Land Ownership in the Monarch Sanctuary Region
About the Ejido System

Although the Mexican government has legally designated the monarch sanctuaries as protected land, most of this land is privately owned by groups of people called ejidos (say "a-hee-dos"). In Mexico, an ejido refers to a community of people who share ownership of their land.

A person who is a member of an ejido is called an "ejiditario." There is a fixed number of ejiditarios in each ejido. That is, a set number of members share ownership of the land. An ejido membership is passed to another family member upon death of a member.

The leader of an ejido is called the "comissario." This leader is elected, and can speak on behalf of the community.

In the dictionary, the Spanish word "ejido" means "commons."

Who Owns the Sierra Chincua Monarch Sanctuary?

Click to see map.

This map of the Sierrra Chincua sanctuary shows all of the different ejidos who own sanctuary land.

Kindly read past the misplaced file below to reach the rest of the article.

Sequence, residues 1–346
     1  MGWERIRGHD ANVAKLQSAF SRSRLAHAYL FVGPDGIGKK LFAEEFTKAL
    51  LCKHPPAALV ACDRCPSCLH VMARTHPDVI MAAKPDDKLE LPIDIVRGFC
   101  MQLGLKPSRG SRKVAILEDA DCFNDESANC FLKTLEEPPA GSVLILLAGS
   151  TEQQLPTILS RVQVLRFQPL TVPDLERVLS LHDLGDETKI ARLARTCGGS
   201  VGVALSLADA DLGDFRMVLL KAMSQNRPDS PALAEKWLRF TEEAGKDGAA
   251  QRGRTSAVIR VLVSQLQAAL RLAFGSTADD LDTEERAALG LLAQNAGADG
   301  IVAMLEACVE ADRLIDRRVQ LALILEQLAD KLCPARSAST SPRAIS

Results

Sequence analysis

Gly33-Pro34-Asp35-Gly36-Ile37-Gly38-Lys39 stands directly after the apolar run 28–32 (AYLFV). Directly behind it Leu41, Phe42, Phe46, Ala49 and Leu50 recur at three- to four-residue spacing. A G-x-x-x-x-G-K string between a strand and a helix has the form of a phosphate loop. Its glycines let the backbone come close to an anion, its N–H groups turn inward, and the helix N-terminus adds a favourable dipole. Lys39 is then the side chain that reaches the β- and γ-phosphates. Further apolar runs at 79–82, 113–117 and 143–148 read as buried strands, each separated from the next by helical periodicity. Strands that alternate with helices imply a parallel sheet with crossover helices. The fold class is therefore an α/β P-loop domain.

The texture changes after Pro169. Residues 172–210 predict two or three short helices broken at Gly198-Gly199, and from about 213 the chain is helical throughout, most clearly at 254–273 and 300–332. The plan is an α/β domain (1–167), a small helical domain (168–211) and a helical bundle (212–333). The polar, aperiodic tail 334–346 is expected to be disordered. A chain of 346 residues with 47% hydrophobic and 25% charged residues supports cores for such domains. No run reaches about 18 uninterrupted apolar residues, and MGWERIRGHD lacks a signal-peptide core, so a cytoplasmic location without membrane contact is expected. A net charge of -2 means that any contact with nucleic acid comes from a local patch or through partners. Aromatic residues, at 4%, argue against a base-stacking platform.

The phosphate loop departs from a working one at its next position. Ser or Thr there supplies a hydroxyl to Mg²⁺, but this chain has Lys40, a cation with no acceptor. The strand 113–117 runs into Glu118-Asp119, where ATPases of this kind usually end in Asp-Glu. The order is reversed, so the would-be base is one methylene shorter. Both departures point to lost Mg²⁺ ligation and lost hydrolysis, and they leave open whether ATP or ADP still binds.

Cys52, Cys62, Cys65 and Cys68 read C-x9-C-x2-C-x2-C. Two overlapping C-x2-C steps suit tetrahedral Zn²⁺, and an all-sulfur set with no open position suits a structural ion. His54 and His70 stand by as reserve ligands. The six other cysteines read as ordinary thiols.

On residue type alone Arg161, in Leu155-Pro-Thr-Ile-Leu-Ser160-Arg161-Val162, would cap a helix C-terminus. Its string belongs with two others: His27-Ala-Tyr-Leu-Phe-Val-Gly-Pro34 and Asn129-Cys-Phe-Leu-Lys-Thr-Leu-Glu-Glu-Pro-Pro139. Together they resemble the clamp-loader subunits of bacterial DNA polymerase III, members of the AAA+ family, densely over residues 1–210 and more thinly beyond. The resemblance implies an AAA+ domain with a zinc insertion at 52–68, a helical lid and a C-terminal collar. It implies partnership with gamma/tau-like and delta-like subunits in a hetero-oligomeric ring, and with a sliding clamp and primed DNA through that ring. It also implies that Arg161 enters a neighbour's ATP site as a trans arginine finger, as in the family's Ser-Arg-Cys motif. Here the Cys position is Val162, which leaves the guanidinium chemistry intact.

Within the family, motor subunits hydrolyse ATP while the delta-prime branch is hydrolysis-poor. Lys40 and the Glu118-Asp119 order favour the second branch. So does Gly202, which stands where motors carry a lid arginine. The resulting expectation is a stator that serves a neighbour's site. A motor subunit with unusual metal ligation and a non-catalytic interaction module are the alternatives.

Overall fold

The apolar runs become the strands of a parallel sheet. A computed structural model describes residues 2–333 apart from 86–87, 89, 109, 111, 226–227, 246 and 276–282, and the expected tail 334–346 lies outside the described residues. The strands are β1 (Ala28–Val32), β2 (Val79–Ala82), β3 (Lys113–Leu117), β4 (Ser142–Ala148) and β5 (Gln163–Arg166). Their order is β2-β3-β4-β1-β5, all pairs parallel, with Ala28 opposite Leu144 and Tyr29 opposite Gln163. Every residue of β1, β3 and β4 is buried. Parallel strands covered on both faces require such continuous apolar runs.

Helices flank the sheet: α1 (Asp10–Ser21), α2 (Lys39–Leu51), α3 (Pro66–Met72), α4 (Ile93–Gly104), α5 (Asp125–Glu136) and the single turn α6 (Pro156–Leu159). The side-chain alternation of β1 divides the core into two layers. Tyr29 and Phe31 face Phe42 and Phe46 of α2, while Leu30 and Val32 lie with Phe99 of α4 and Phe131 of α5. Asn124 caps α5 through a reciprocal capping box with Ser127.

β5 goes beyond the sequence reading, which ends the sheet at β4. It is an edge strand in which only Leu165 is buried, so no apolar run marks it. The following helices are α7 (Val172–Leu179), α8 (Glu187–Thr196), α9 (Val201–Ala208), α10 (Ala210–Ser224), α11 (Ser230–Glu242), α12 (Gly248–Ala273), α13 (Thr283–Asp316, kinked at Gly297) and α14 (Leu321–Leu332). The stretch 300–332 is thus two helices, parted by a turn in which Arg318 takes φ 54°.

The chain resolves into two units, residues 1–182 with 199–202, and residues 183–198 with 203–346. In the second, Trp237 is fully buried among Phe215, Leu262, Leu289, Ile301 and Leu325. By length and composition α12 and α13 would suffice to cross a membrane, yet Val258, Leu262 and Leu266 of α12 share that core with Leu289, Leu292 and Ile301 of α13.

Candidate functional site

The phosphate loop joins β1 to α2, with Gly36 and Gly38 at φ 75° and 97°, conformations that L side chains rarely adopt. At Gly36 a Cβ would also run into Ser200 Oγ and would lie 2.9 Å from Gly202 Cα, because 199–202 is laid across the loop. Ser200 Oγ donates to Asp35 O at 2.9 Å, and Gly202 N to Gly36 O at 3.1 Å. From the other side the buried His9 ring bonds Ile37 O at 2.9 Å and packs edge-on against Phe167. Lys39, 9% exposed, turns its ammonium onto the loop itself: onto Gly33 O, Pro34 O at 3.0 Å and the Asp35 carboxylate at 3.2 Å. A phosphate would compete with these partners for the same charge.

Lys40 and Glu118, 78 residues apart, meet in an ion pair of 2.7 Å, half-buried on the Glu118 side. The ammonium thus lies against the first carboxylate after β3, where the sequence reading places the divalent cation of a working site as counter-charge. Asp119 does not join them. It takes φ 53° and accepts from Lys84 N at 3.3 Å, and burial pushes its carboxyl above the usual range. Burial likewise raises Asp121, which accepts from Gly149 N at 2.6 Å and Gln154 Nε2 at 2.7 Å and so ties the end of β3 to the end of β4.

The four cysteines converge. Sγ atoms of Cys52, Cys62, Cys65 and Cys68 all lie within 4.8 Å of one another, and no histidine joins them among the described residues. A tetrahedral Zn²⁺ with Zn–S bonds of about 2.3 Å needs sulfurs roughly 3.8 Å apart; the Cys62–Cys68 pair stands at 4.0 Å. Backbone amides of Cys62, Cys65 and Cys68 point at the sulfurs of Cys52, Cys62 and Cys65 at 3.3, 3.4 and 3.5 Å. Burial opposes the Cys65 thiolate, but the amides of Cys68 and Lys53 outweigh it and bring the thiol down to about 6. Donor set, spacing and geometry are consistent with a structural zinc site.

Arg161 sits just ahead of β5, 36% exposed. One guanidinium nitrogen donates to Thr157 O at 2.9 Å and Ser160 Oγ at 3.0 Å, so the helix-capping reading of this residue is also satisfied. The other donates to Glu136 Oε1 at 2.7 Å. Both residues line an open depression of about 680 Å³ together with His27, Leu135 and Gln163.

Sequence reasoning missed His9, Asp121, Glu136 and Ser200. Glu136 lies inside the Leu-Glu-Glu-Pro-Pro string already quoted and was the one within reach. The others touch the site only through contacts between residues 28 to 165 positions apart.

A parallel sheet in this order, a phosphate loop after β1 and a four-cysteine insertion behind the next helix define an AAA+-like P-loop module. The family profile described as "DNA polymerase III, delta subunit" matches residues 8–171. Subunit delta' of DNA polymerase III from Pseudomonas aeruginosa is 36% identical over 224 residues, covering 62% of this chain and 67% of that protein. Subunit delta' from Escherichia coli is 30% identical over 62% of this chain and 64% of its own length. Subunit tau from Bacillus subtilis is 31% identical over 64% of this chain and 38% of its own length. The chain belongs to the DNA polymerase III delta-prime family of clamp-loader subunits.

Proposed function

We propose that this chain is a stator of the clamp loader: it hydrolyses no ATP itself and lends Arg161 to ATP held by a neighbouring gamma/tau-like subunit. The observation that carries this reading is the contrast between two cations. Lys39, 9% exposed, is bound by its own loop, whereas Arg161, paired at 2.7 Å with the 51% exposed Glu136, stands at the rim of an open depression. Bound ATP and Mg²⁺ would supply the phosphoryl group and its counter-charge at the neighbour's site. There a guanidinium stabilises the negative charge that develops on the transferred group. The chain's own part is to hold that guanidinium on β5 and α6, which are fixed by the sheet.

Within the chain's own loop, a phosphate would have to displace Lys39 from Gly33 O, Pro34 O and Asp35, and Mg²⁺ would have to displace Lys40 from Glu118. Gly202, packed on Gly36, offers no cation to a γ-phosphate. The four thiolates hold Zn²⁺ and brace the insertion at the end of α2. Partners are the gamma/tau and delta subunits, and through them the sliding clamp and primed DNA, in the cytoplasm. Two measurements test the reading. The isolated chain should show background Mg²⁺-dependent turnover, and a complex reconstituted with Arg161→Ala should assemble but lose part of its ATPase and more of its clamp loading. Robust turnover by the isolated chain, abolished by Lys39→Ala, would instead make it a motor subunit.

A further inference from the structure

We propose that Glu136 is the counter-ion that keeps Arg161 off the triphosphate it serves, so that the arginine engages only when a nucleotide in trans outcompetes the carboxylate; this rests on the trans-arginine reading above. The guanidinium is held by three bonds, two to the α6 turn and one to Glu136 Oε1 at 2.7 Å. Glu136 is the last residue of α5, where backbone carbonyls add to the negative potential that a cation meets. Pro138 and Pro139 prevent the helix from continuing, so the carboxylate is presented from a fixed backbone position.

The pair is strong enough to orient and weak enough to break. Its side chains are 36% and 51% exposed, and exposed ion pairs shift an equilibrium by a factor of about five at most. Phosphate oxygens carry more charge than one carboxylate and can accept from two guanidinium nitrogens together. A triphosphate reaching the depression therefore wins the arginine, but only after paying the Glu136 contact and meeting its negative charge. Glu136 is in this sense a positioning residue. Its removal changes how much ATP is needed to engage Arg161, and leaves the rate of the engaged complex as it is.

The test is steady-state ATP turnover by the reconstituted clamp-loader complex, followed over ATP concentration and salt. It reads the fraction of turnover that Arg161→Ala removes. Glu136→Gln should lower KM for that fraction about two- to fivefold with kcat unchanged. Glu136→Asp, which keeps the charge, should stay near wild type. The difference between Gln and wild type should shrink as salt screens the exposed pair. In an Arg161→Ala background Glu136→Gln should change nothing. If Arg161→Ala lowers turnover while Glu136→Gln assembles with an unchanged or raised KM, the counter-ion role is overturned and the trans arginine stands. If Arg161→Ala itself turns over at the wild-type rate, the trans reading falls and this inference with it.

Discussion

• How many different ejidos can you count that own land in the Sierra Chincua Sanctuary?

Journaling Questions

  • Are you surprised that the land in the sanctuaries is owned privately, rather than by the government?
  • Do you think it's fair that private land owners are asked to protect their land for monarchs instead of using it for their own economic needs? Why might this be difficult for people in the monarch region?
  • Can you find examples in your own town, state/province or country where the government wants to protect private land for conservation? How do the private landowners feel about this? How are they compensated?

National Geography Standards

Environment and Society
The changes that occur in the meaning, use, distribution, and importance of resources.